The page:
After many months of hard work, last month, Star Labs finally added support for installing the Coreboot open-source firmware in its Star LabTop Mk IV and Star LabTop Mk III Linux laptops.
Coreboot gives users faster boot times and a more secure boot experience where they have full control over their hardware. Today, Star Labs announced a new version of Coreboot that fixes various bugs, along with Coreboot Configurator, a new app that lets owners of its Linux-powered laptops to change various settings of the Coreboot open-source firmware via the nvramtool command-line utility.
Setting up hostname is an important task when you are installing the operating system. Hostnames are invented to make human life easy. When you have 100s of machines in your network, it is not easy to remember each machine with its IP address but with hostname it becomes easy. Let’s dive in and see how simple it is to configure hostname in Fedora Linux.
SSH is one of the most widely used methods to access Linux & Unix servers. SSH provides an encrypted method to access & communicate between servers over insecure networks. Setting it up on SSH is straightforward.
Did you know you could run a permissively-licensed MTP implementation with minimal dependencies on an embedded device? Here’s a step-by-step guide on how to easily run cmtp-responder on a Rock Pi 4 or any other board equipped with a UDC.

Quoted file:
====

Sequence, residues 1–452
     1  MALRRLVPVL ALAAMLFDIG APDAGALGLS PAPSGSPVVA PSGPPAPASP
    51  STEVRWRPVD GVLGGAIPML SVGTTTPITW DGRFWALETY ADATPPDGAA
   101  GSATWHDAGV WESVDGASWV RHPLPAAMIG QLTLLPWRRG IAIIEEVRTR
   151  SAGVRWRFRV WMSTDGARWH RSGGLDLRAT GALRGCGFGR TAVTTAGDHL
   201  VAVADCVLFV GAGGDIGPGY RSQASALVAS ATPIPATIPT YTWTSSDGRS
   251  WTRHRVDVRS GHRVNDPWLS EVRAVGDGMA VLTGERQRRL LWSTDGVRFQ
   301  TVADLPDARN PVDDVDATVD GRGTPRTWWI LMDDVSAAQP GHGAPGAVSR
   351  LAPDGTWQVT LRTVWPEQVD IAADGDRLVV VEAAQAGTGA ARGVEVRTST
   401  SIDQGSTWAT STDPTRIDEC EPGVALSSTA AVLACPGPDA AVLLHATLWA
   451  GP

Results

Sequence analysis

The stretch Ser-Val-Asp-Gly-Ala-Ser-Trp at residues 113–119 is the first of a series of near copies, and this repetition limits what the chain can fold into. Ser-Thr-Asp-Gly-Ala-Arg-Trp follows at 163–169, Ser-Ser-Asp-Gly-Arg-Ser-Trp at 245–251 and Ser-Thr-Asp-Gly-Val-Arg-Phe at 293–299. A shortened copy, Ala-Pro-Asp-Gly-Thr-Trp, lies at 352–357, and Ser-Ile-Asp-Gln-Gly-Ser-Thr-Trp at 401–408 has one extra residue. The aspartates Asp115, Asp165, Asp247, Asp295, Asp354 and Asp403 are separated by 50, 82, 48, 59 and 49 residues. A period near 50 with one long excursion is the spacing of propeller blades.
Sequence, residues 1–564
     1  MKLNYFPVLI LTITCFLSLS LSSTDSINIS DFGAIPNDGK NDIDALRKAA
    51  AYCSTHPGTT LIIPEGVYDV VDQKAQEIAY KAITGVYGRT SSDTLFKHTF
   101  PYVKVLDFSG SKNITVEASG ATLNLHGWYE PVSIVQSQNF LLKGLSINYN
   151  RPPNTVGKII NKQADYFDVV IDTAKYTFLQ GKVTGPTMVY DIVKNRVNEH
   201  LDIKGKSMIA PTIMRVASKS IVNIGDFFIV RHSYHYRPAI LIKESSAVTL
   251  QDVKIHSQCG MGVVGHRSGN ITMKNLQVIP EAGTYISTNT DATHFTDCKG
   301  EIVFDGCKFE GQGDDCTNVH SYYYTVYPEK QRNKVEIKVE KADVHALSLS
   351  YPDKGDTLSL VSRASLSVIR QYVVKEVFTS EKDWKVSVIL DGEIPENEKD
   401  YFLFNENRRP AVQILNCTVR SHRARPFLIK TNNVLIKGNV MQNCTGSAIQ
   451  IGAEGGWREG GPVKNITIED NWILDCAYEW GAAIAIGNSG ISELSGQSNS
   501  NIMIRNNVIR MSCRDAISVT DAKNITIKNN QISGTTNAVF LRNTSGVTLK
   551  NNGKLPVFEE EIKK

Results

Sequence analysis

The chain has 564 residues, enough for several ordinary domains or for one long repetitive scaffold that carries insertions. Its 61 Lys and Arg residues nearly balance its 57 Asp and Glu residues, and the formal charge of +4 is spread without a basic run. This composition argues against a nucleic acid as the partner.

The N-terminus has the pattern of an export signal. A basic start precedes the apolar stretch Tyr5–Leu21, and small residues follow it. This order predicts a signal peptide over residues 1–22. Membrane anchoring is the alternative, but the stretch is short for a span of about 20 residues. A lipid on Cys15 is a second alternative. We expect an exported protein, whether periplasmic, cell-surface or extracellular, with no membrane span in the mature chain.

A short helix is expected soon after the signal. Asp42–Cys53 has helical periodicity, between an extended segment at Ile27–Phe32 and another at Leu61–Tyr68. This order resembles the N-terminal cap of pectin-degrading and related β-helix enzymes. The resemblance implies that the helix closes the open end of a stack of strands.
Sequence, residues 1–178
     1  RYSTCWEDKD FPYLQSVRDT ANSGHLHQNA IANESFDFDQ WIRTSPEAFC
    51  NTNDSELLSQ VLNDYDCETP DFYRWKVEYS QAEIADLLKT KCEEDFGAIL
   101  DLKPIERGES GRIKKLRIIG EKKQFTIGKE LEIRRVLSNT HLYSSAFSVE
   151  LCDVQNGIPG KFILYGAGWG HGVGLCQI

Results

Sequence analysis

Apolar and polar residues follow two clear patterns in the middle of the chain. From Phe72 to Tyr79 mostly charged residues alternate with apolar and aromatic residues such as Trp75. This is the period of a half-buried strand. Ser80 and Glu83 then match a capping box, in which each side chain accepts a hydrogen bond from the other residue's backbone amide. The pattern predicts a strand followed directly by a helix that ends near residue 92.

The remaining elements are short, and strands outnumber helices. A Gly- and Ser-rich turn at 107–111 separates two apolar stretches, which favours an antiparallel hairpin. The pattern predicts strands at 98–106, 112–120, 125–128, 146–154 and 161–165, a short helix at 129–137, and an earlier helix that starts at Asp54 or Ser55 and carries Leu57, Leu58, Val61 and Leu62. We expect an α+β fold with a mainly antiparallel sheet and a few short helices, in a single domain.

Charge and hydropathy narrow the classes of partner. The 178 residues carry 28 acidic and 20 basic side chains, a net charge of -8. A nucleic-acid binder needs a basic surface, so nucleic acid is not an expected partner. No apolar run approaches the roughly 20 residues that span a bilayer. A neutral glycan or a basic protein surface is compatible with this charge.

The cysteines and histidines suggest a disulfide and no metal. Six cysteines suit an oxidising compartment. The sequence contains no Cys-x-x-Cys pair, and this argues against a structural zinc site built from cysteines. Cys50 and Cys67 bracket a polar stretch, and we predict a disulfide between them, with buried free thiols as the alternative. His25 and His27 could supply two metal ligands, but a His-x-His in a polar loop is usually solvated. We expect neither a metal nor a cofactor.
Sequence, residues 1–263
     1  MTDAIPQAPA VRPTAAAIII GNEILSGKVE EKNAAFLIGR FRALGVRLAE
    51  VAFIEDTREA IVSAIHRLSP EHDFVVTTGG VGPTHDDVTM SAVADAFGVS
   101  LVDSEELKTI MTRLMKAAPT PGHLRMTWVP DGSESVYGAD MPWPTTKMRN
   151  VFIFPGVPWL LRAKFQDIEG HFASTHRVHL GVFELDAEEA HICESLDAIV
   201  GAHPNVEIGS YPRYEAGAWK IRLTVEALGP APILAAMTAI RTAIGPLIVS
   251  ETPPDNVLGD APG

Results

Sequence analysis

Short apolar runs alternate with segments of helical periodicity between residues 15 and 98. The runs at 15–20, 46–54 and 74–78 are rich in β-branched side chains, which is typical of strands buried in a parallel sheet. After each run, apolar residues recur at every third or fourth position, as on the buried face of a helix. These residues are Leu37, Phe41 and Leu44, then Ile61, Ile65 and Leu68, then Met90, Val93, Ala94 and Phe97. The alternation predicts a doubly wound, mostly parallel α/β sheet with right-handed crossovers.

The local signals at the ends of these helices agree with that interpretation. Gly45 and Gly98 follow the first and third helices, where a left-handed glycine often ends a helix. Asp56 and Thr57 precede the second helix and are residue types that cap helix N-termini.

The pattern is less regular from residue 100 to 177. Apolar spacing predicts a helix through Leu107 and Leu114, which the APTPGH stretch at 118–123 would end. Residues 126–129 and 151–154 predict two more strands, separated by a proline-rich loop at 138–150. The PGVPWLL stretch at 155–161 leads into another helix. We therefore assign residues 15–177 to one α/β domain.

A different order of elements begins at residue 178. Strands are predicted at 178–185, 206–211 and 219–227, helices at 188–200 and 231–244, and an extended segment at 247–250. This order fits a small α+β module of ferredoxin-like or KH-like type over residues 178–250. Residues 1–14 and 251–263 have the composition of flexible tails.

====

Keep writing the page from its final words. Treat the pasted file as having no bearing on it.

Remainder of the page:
Another exciting moment for fans of Wayland and the future of Linux, especially if you’re an NVIDIA user. The work to provide hardware accelerated rendering for NVIDIA GPUs has been merged in for Xwayland.
This article is Part 8 of tecmint.com’s Linux Foundation Certified IT Associate series.
In our previous chapter of the LFCA series, we defined a computer network and briefly touched on some general Linux networking commands you can use to retrieve useful network information such as your IP address, subnet mask, open ports and so much more.
To better understand computer networks, let’s dig into network IP addressing.
Forescout Research Labs, in partnership with JSOF, has disclosed a new set of DNS vulnerabilities, dubbed NAME:WRECK.
These vulnerabilities affect four popular TCP/IP stacks—namely FreeBSD, IPnet, Nucleus NET and NetX—which are commonly present in well-known IT software and popular IoT/OT firmware. and have the potential to impact millions of IoT devices around the world.